It wasn’t easy to produce the best fruit. The utmost sacrifice and intentionality had to be poured into the trees. The environment was never perfect and sacrifice was required from the other trees and the workers as well to accomplish this mission. Growing side by side had its give and take for each tree—they could have been uprooted and placed in their perfect growing environment, but they knew that the challenge of growing alongside each other just increased each tree’s stamina and with time their fruit became better and better.

It certainly didn’t take one or a couple seasons to produce fruit of this quality; no, it took seasons upon seasons of sacrifice and growing pains to produce such a fruit, but their unified mission drove these trees to success. Their fruits would never merge into one product—it would make very different incenses, affecting different individuals and attracting different consumers. Though this was all foreseeable, the trees opted for the time being to endure their locational challenges. One tree thrived during some seasons while the other felt the pain; other seasons proved to be a fruit-bearing year for one tree while the other tree had barely any fruit extracted. Some things just could not be helped, but those two very different trees knew they were learning a lot from watching how the other thrived and failed and eventually bore fruit and they were determined to see each other accomplish their specific mission.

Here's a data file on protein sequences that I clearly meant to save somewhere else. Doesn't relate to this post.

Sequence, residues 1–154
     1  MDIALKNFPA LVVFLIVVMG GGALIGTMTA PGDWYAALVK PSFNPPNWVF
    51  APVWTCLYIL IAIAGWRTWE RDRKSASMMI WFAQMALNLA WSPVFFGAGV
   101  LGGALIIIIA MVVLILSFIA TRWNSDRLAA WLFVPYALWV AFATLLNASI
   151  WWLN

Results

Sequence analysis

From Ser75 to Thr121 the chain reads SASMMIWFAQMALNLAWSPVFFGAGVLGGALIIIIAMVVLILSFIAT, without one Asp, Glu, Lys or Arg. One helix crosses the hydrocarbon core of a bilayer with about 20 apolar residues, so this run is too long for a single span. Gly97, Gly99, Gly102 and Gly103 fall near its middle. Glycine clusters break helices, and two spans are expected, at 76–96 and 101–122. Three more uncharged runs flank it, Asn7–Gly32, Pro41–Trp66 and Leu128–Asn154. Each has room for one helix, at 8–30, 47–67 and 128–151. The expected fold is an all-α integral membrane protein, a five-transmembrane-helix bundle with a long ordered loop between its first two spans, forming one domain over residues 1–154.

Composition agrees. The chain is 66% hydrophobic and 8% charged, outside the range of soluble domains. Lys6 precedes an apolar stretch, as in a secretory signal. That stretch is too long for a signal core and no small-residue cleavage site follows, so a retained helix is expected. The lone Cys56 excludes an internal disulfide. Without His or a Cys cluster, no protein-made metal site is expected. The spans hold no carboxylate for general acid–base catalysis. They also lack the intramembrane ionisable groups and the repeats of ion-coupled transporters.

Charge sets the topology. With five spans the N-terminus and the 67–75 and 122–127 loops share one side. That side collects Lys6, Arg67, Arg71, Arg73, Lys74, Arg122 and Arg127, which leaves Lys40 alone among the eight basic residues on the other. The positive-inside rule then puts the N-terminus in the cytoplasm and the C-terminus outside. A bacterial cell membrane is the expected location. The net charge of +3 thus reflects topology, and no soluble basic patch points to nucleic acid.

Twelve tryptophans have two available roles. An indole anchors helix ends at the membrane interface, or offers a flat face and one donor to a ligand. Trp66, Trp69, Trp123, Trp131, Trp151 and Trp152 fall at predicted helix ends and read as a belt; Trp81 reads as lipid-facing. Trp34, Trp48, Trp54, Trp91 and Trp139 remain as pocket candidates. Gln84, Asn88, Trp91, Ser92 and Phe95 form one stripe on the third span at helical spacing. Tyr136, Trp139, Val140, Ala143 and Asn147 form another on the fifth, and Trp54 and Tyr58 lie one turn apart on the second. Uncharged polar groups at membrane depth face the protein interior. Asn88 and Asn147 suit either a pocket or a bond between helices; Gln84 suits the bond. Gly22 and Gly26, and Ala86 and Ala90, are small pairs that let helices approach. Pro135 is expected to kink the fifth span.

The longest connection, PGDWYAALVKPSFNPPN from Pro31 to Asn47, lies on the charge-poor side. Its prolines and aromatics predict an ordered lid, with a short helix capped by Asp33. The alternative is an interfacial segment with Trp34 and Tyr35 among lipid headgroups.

In this life, I find it is far too easy to sidestep the challenges of growing alongside those individuals who constantly challenge your perspective, the way you think, how you see the world and how you react to various circumstances in life. It’s completely appealing to hang around those who will affirm you, agree with you and admire you more often than not. Every now and again in life you’ll find a curveball of a relationship has been thrown. There are options. You can choose to dodge it and risk a strike out or you can take your best swing.

A dear word to my fellow millennials—We are young and while we often embrace the risks and adventures of life in this phase of life more than any other, I believe we tend to embrace those risks and adventures within our comfort zones—as contradictory as that may sound. Start the class you think you’ll fail. Befriend the person that weirds you out. Try your hand at an art you’ve never explored. Stick it out if you’re used to quitting early or give yourself a break if you’re the one that never rests.  I highly encourage us to look beyond and find those opportunities the Lord has waiting to grow and stretch and teach us at our young, moldable age.

 

Categories: General | Tags: , , , , , , , , | Leave a comment

Blog at WordPress.com.

%d bloggers like this: